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while writing a custom attribute in C# i was wondering if there are any guidelines or best practices regarding exceptions in attributes. Should the attribute check the given parameters for validity? Or is this the task of the user of the property?

In a simple test I did the exception was not thrown until i used GetCustomAttributes on a type with an exception throwing attribute. I just think it's a bit awkward to get an exception from an Attribute only when explicitly asking for them.

Example Attribute with exception:

[AttributeUsage(AttributeTargets.Interface, AllowMultiple = false, Inherited = false)]
sealed public class MyAttribute : Attribute
    public string SomeValue { get; private set; }

    public MyAttribute(string someValue)
    		throw new ArgumentNullException("path");

    		throw MyAttributeException("An other error occured");

    	SomeValue = someValue;
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3 Answers 3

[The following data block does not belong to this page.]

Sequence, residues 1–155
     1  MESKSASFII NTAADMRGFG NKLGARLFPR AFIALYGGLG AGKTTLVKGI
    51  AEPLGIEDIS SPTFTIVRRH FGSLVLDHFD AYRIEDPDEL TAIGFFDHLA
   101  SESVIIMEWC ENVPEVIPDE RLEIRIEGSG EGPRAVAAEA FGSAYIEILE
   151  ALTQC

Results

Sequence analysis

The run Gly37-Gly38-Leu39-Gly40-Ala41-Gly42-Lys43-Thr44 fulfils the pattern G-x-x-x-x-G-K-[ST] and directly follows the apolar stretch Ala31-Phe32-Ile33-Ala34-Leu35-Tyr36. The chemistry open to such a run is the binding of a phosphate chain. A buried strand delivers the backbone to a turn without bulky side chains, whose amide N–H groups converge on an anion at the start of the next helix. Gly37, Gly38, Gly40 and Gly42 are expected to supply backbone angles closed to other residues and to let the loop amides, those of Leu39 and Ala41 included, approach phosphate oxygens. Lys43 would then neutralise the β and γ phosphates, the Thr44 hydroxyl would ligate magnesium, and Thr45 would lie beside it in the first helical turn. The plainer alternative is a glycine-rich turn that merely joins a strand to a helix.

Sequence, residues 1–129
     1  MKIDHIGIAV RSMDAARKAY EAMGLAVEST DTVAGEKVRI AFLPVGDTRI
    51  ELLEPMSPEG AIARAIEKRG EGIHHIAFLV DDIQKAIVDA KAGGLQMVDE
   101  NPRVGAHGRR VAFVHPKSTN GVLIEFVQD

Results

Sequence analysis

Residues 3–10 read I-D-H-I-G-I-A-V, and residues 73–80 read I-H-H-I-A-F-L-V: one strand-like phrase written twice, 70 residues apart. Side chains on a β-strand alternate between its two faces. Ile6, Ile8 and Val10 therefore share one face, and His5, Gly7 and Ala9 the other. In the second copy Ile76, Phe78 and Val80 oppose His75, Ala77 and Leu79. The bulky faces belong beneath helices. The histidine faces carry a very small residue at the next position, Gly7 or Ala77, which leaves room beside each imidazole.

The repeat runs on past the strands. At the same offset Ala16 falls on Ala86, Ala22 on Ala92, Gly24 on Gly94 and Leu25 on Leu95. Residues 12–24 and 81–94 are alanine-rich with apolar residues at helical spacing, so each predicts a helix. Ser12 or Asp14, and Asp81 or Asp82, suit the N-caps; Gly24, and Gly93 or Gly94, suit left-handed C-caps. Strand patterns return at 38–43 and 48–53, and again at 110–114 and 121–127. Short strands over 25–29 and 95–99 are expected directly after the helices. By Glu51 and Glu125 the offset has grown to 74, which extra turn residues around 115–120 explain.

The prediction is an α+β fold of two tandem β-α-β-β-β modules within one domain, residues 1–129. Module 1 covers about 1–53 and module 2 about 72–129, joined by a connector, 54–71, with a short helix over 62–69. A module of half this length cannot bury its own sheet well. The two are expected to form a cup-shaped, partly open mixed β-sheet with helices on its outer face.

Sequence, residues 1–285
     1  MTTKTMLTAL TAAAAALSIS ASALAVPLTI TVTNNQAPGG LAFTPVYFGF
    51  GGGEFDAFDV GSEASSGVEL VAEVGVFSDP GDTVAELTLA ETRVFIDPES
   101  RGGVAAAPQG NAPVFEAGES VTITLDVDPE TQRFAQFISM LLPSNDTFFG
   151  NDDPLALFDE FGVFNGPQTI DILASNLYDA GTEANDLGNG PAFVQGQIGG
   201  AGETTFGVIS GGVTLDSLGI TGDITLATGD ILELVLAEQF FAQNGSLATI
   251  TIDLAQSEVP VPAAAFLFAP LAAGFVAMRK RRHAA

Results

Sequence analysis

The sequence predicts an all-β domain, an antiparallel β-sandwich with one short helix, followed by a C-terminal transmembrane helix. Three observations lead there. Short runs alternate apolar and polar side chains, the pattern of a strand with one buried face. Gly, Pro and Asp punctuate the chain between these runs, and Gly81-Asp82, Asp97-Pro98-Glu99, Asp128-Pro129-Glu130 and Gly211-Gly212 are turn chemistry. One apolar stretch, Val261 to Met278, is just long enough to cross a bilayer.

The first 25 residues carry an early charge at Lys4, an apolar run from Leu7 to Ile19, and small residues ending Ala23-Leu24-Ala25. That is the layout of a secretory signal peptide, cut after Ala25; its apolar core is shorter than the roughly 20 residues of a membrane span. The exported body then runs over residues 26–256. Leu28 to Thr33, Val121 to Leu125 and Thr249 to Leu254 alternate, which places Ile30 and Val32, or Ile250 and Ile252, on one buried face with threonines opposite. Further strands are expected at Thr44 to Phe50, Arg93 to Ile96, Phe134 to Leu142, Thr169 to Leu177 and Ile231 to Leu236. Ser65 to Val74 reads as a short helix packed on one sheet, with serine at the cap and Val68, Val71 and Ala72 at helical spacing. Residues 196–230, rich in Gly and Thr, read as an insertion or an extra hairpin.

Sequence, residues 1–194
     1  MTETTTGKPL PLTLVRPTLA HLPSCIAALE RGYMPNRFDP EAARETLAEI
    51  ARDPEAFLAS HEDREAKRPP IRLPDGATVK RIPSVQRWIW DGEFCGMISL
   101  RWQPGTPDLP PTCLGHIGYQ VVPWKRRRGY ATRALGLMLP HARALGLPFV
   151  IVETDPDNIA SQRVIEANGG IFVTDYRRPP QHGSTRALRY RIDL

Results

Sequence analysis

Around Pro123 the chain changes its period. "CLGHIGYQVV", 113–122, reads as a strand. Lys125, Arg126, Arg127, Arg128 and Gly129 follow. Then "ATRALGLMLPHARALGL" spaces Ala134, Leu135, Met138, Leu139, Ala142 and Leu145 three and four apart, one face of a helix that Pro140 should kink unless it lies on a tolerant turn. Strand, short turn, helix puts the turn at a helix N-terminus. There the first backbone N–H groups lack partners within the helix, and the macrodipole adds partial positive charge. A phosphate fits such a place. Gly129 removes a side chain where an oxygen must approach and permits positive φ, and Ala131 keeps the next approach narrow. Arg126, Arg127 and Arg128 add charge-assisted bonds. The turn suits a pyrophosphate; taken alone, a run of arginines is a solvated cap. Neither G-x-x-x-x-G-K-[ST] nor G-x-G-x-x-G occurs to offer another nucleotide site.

up vote 7 down vote accepted

Attributes are only actually constructed when you use reflection, so that's the only time you can throw an exception. I can't remember ever using an attribute and having it throw an exception though. Attributes usually provide data rather than real behaviour - I'd expect the code which uses the attribute to provide any validation. I know this isn't like normal encapsulation, but it's the way it tends to be in my experience.

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With a few exceptions with compiler-sepcific meaning (such as [PrincipalPermission] etc) attributes can't interact directly with code without being asked to. However, if you use the AOP tool "PostSharp", your aspect attributes can add behaviour to the class. Not simple, but a very useful trick sometimes.

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We have some reasonably complex Attributes in our project, so we include validation of inputs. For example, as part of our I18N and L10N work, we have attributes that perform resource lookups (much like the attributes in the framework that are used to localise Category and Description strings for properties in the designers). These custom attributes have to have some validation in order for them to work.

The simple attributes we have use no validation because we'd rather the consuming code failed, indicating the location of the error.

So, in conclusion, it really depends on the complexity of the attribute; if it is instantiated with one kind of data but expected to provide another (such as in resource lookups), it should contain validation, otherwise, it probably shouldn't.

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